It’s early in the morning, and the children are just getting settled in at summer camp, sitting in rows in the middle of a room that’s empty except for a fold-up table and a few plastic chairs. The room is warm and humid, it being the middle of summer and having just rained the night before, but the breeze coming through the open window feels nice and gently moves their hair as they look up bewildered at what’s sitting on the table in front of them: a clear jar, measuring cups and various containers full of liquids and powders.
The children watch in stilled wonder as their counselor combines Vitamin C with water, iodine, hydrogen peroxide and laundry starch slowly and carefully. When everything’s combined in the jar, their counselor tells them to keep their eyes out for any changes. At ﬁrst, the liquid is cloudy, but clear, and the children don’t see what the big deal is. But then, the solution turns a light green. Then yellow. Then orange. Then red. Then ﬁnally, a dark, inky blue that settles calmly in the jar. They had never imagined that a science experiment could be so beautiful.
There is a common misconception that art and science are completely separate from one another, or perhaps even complete opposites. On the surface, it may appear to be that way with science tending to lean more on data, and art more on expression. However, I believe that there’s much more overlap between the two ﬁelds than meets the eye.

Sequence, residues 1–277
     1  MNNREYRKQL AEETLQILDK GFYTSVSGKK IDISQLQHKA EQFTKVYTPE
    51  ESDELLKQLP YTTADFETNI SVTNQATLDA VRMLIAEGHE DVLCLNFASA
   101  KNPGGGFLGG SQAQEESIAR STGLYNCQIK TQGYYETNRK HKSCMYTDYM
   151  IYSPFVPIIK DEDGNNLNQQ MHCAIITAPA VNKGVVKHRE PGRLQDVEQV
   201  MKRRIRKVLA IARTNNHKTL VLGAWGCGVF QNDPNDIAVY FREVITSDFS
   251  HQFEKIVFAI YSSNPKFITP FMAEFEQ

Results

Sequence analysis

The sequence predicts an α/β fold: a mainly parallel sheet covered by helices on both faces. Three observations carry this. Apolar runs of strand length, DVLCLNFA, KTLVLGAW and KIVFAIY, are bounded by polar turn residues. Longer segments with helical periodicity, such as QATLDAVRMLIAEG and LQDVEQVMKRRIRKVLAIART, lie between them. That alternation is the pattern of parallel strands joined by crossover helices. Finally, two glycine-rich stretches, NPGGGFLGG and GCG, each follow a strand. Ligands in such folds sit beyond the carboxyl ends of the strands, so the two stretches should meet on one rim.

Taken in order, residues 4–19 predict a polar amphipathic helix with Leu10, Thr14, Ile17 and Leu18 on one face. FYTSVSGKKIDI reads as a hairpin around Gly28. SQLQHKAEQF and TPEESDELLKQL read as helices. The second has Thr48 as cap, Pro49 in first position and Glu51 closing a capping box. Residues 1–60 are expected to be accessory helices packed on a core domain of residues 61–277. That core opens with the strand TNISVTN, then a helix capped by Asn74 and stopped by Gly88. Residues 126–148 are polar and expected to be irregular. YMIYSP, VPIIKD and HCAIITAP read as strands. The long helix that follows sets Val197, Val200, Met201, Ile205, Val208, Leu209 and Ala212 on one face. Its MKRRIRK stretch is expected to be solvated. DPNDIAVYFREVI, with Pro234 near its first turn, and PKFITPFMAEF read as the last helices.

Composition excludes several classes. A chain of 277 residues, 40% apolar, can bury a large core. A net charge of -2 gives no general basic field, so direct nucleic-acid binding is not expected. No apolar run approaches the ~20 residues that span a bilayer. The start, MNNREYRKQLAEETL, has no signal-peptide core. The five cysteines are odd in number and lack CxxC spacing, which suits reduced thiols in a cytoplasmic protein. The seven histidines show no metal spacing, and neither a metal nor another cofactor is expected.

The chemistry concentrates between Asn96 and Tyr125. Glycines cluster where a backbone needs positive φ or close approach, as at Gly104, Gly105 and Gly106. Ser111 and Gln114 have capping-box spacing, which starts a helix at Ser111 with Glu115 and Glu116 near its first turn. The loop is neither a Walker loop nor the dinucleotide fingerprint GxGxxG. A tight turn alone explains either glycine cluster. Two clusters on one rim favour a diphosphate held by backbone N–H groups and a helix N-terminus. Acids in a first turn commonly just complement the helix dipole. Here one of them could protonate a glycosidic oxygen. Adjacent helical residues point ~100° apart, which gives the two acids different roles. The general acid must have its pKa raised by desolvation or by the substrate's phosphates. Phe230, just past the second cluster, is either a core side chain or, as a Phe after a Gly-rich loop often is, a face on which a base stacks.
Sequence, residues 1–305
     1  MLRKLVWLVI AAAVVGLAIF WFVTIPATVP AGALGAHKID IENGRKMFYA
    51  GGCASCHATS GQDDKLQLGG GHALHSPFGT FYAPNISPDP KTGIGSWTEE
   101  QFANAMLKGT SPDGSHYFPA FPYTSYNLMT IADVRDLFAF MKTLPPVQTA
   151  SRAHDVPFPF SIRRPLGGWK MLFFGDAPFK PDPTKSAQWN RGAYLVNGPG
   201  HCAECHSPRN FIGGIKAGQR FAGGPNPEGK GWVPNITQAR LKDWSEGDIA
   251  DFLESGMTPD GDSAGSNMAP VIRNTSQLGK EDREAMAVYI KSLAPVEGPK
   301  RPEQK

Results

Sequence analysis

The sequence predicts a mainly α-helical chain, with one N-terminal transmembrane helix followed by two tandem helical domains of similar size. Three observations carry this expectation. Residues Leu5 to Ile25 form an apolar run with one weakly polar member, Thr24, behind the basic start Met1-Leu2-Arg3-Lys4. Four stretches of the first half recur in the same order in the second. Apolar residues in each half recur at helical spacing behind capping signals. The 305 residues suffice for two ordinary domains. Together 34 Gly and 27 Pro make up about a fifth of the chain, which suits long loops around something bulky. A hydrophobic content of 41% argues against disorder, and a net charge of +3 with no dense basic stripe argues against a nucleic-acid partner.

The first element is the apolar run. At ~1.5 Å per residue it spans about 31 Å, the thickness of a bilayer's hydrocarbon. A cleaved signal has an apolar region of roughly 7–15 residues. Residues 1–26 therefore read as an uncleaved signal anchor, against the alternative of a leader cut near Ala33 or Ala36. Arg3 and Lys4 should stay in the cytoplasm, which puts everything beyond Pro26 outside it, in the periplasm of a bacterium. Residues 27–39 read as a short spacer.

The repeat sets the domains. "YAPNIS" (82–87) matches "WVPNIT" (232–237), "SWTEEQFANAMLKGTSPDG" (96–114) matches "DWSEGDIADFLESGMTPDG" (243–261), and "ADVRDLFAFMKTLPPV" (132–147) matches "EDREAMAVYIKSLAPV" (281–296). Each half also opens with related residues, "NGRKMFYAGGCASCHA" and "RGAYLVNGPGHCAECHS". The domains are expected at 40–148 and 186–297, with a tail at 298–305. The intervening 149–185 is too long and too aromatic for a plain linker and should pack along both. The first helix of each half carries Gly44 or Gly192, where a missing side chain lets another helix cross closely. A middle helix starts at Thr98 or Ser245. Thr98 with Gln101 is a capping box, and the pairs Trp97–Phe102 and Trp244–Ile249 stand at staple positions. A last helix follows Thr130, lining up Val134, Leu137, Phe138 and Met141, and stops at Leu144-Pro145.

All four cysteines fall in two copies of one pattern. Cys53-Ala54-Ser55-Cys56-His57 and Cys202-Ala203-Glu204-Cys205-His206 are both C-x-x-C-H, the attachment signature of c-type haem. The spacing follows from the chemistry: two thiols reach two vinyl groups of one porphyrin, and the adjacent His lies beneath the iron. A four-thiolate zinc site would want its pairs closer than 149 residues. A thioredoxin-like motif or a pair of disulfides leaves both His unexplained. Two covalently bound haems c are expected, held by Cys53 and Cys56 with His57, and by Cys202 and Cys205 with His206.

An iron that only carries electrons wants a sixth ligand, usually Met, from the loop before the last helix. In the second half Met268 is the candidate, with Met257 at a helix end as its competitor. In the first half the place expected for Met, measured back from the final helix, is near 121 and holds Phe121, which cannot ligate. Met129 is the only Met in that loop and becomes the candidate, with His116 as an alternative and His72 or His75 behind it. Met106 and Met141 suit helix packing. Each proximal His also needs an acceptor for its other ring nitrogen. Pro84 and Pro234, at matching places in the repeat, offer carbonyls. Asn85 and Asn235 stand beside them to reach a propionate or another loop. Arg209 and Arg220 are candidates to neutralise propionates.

I am an English major, and as such, there is no reason for me whatsoever to take an Anatomy and Physiology (A&P) class. But I did. And when I mention it in conversation, I’m always met with questions like, “Couldn’t you have taken something easier?” or “Aren’t you studying English?” or, most commonly, “Why?”
There is a logical explanation as to why I decided to take A&P. Simply put, it’s a prerequisite for most, if not all, graduate occupational therapy programs, and at the time I registered for the course, I was planning on studying occupational therapy after graduation. Plus, I’ve always been fascinated by the complexity of humans, and I wanted to learn more about what makes our bodies work.
The most important thing I took away from A&P is that our bodies are works of art. Studying what makes us up is a work of art. Art is detailed and nuanced and seeks to know why. Why people act the way they act and look the way they look. Why grass grows and ﬂowers bloom and water ﬂows. Why when some things interact, there’s a reaction and change, sometimes violent, often small, and when others interact, there’s stasis. It’s in asking “Why?” that we are all artists. It’s in asking “Why?” that we are also all scientists.
The art of science is looking at the big picture while focusing on details, observing the world and wanting to understand it fully, challenging others’ ideas and not being afraid to delve into the unknown. It’s turning unrelated materials into something extraordinary, like a rainbow reaction that changes before your awestruck eyes.